July 4, 2022 -
This post on “If Not Now, When?” the interactive blog of Anshe Chesed Fairmount Temple contains Rabbi Joshua Caruso’s sermon from Yom Kippur Morning 5775 in the Congregational Service of Anshe Chesed Fairmount Temple, on Saturday, October 11, 2014. We encourage you to share this post with friends by email, to share comments below on the post, and to share it on social media such as Facebook and Twitter, so as to generate a discussion of the meaningful themes shared here.
Rabbi Shlomo Carlebach, the legendary spiritual leader and composer of Jewish music, came to the United States from Austria as a teenager, a refugee from the Nazis. Every so often he would go back to Austria and Germany to give concerts, and people would ask him, “How can you go back there and give perform? Don’t you hate them after what they did to you? Don’t you hate the Austrians and the Germans?” And this is what Shlomo would say to anyone who asked him this question: “I only have one soul. If I had two souls, I would gladly devote one of them to hating the Germans full time. But I don’t. I have one soul, and I am not going to waste it on hating.”
Life is filled with choices; some hard and some easy. Reb Shlomo had lived through unspeakable circumstances, yet he chose to fill his one soul with joyous song instead of hatred. On Yom Kippur it often feels like we don’t have choices, as if we are just actors in a frightening play – a play for which we were never give the script!
It is our tradition to close out these Ten Days of Repentance with the Neilah service at the end of the day heading into nightfall. In Hebrew, Neilah means, “Locking”, which conveys the not-so-subtle message that time is running out, and that we mustcome to a resolution with others, with God, and with ourselves before the Gates of Repentance are closed and locked, and we are “sealed” in the Book of Life. Envelopes and pressure cookers are sealed – but what about a life? To be sealed sounds dangerously irreversible. Indeed, we can feel helpless that we have no control during these days and that God is the puppeteer pulling on all the strings.
The language and rituals are very dramatic as our tradition intentionally builds up the suspense. We are meant to feel the gravity of the moment. In particular, the Unetaneh Tokef prayers convey a healthy dose of dread:
Let us proclaim the sacred power of this day: It is awesome and full of dread. For on this day Your dominion is exalted. Your throne established in steadfast love……You are Judge and Arbiter, Counsel and Witness. You write and You seal, You record and recount… On Rosh Hashanah it is written and on Yom Kippur it is sealed…
In these words one can feel the looming threat of opportunities unmet, relationships unreconciled, and forgiveness unattained. All of this liturgical drama is meant to convey the weight of our obligation to make things right. And for those of us who search for meaning in this day, it works. I do find myself on the eve of most High Holy Days seizing a free moment to be in contact with someone I have not spoken to in a while, reaching out to loved ones I have neglected, and connecting with members of our temple community who are need of some extra Tender Loving Care. This is the time of year to recognize that all of our lives hang in the balance, with no guarantee that we will be together for next year’s High Holidays.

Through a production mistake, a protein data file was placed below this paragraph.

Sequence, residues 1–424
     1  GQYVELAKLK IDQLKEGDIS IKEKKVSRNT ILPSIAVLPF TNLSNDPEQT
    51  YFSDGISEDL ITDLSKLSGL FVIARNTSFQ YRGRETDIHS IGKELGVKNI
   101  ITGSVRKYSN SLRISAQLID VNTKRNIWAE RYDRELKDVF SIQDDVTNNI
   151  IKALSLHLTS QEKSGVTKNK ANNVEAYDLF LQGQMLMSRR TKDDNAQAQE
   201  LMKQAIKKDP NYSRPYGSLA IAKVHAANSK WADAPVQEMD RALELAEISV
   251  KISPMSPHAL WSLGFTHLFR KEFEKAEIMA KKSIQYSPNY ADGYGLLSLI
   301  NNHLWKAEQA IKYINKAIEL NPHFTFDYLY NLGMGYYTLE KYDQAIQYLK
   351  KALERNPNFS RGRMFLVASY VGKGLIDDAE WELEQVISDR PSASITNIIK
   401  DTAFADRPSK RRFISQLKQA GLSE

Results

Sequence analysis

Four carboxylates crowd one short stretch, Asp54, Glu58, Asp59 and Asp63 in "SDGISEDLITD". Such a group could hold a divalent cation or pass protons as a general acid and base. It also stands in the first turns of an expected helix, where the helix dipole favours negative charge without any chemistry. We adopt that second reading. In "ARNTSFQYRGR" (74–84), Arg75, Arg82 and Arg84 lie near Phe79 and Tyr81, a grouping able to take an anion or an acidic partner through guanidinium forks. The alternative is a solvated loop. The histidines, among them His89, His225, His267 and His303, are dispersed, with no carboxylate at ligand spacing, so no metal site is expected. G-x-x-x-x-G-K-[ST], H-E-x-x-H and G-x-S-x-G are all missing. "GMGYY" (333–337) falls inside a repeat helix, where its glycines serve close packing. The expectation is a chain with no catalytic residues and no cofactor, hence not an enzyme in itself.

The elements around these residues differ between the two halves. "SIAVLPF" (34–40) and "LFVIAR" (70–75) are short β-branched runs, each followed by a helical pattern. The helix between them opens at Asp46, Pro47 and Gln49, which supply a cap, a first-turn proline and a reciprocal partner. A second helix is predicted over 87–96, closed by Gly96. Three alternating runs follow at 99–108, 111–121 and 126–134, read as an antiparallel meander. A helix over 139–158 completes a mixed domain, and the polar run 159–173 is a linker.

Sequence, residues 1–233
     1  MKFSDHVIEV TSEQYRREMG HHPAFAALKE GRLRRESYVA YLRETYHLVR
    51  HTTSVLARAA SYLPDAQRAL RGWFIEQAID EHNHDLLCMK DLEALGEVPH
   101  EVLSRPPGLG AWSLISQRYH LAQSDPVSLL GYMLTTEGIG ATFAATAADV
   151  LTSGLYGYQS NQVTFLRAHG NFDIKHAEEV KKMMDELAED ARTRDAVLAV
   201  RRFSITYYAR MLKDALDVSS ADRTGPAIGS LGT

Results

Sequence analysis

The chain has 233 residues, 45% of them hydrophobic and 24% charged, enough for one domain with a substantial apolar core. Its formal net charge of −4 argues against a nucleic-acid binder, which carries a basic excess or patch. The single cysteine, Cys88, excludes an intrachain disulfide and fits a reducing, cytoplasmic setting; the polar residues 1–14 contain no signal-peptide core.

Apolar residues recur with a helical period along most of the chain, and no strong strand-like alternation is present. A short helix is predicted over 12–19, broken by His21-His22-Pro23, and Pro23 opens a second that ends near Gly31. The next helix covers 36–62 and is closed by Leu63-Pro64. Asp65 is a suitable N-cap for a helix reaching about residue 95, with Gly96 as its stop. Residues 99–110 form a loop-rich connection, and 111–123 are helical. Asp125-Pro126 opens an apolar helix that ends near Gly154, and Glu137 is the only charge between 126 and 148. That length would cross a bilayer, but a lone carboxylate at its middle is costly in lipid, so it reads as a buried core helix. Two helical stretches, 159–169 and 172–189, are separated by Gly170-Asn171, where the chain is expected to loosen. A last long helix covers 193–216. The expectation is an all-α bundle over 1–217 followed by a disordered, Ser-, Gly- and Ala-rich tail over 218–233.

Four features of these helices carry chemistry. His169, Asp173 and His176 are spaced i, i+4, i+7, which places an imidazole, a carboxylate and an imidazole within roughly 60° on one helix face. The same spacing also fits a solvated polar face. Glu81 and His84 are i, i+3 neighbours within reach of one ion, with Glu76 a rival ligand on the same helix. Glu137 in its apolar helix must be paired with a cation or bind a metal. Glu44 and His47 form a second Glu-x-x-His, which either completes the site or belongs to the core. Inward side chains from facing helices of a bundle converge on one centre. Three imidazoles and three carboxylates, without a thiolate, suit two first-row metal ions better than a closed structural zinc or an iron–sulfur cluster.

Between Rosh Hashanah and Yom Kippur it is traditional to greet people with the salutation, “G’mar Chatimah Tovah b’Sefer Chaim Tovim” – “may you be sealed for good in the Book of Life”. The “sealing” implies a tying up of “loose ends”, a closing of unfinished business; like a Ziploc bag from which nothing can get in – or go out.
But tying up those loose ends is not as easy as it sounds. Our unfinished business is made up of vestigial remnants of relationships in which rifts will never fully be resolved. We carry bits and pieces, strands and loose threads that we have never been able to sew up. Like a tear in a fabric that can never be fully repaired without leaving evidence of the damage, the unfinished business of our lives becomes part of who we are – the scars and scratches influencing how we feel about ourselves and how we function in other relationships.
It is true that these Days of Awe are about tying up those loose ends between you and me. But they are ultimately about settling old scores with ourselves. After all, Yom Kippur is regarded in the Torah as a personal Sabbath for you – for us (Shabbat Shabaton Hee LaChem), while every other Sabbath of the year is intended to honor God (Shabbat L’Adonai). This particular Sabbath – this day – is for us to consider the unfinished business that gnaws at and bedevils us. Yom Kippur is meant for us to reconcile those threads of resentment, guilt, and hurt in hopes that in the coming year we will feel more whole, less burdened by the tears (sounds, like “air”)…and tears (sounds like, “ear”) in the fabric of our lives.
Sometimes this can be done by confronting those who have wronged us. But sometimes those who wronged us simply don’t have the capacity to tell us what we long to hear. Perhaps part of the purpose of today is identifying what WE are able to change internally in order to move on with our OWN lives.
What keeps us from moving ahead? Do we not confront those who have wronged us because we would rather hold on to those grudges, nursing our bumps and bruises for the power it seems to give us? Are we loathe to have our fears confirmed, that those who have hurt us have their own limitations that prevent them from being who we want them to be? Do we not ask others to forgive us for what we have done wrong because that would make us too vulnerable, and strip away our own pride?